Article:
Michigan Supreme Court Considers Viability of 'Reasonable Expectations' Doctrine

Jeffery C. Gerish

The Michigan Supreme Court has recently granted leave to appeal in a case that could significantly impact Michigan law in the area of insurance coverage. 

The case, Wilkie v Auto-Owners Ins Co, involves a dispute over the proper interpretation of the “Limit of Liability” clause in Auto-Owners’ underinsured motorist endorsement. The Michigan Court of Appeals found an ambiguity in the policy language, and, consequently, affirmed the trial court’s ruling, adopting the interpretation requested by the insureds. The court of appeals also held that Auto-Owners’ position was “inconsistent with reasonable expectations of coverage.” 

In the order granting Auto-Owners’ application for leave to appeal, the Michigan Supreme Court directed the parties to address whether the policy language is ambiguous.  More significantly, the court also asked the parties to address the issues of:

1) Whether the “rule of reasonable expectations” is a sound principle of contract law, and

2) Whether the rule can be applied independent of a finding of ambiguity.
The so-called rule of reasonable expectations has long existed in Michigan and elsewhere as a corollary to conventional rules of construction in the context of interpreting insurance agreements. As the court of appeals in Wilkie phrased the rule, “When determining the existence or extent of coverage under the rule of reasonable expectation, a court examines whether a policyholder, upon reading the contract, was led to reasonably expect coverage.”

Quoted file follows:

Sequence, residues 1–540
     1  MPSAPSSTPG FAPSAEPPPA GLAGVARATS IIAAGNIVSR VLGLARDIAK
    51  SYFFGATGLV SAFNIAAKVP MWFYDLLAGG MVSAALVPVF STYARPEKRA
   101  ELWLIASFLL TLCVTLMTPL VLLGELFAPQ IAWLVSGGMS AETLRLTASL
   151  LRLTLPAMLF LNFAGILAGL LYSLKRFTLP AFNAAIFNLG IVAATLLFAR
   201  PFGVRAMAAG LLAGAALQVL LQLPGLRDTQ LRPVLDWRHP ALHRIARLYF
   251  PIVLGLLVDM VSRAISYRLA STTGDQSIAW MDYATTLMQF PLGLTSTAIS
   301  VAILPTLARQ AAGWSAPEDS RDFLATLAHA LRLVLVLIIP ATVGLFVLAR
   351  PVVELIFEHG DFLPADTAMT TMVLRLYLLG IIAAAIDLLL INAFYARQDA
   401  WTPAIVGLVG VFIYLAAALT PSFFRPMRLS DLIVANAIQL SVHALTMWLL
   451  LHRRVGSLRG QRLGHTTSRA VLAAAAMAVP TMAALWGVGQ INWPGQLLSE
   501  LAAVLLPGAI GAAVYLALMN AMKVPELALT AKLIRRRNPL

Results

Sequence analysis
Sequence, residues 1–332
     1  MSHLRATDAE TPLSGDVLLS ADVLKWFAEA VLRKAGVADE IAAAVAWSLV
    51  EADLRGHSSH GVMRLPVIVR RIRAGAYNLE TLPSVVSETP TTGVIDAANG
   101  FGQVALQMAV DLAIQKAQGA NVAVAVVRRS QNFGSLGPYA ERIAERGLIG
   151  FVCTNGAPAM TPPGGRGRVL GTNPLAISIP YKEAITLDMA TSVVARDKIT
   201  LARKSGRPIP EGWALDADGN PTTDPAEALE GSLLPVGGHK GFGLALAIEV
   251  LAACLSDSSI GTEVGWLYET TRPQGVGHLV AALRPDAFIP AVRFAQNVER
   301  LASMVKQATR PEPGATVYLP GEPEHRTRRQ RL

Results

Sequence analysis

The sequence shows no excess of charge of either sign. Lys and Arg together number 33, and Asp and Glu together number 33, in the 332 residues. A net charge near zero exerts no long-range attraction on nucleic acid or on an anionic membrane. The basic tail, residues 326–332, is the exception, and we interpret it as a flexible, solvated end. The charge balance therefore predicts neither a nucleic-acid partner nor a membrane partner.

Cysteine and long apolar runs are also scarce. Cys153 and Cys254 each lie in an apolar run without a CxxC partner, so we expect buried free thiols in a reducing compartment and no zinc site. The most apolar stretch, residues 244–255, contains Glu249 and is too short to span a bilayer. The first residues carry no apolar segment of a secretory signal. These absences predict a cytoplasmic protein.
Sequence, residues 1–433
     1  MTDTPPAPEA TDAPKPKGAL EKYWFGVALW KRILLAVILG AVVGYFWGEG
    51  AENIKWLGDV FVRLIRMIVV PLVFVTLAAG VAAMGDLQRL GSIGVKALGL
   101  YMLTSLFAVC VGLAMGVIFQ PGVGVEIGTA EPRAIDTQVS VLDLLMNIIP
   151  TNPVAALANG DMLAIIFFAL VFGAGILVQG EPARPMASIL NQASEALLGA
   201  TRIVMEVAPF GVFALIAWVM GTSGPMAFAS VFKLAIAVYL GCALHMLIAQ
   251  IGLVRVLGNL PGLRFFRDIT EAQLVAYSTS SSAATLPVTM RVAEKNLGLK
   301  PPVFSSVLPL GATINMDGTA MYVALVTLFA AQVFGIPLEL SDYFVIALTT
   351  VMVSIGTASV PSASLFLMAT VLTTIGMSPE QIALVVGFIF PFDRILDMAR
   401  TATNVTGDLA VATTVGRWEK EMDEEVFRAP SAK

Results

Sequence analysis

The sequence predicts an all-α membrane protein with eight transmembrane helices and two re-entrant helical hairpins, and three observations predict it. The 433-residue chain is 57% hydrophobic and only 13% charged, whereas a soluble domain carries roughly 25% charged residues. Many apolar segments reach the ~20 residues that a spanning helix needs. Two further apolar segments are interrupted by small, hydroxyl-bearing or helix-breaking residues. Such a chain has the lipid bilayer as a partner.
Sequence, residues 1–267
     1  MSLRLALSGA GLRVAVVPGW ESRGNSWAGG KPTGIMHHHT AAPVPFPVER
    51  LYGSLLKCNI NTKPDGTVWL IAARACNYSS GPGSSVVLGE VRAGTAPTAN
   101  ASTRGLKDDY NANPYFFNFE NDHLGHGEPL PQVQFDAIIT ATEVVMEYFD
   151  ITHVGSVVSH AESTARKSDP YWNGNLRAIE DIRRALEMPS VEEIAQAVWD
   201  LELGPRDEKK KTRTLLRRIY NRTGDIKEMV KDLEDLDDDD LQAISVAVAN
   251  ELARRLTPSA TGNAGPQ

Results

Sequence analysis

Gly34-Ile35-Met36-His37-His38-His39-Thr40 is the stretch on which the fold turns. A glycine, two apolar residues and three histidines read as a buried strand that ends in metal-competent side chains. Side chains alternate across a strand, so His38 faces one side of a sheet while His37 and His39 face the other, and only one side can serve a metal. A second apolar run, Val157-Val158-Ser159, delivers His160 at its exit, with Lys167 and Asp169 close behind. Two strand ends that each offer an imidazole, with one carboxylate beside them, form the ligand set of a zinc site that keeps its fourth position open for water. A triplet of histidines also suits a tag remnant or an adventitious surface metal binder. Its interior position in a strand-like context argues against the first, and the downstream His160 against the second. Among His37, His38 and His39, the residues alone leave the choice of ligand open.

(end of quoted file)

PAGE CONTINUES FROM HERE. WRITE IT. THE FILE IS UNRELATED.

Some insurers have argued that the rule is not a sound principle of contract law, since contract interpretation should focus solely on the intent of the parties in drafting the contract as reflected by the language used, not on one or the other party’s “expectations,” whether reasonable or not.  Insurers have also insisted that the rule of reasonable expectations can only be applied where there has been a finding of ambiguity, since any expectation contrary to the result dictated by unambiguous language is  necessarily unreasonable.

Based on the supreme court’s order granting leave in Wilkie, it appears the court intends to clarify the law in this area.  Plunkett & Cooney, which represents numerous insurers in insurance coverage cases, will be closely monitoring this important case as it proceeds. The appeal is currently in the briefing stage, and a decision is expected some time in mid to late 2003. 


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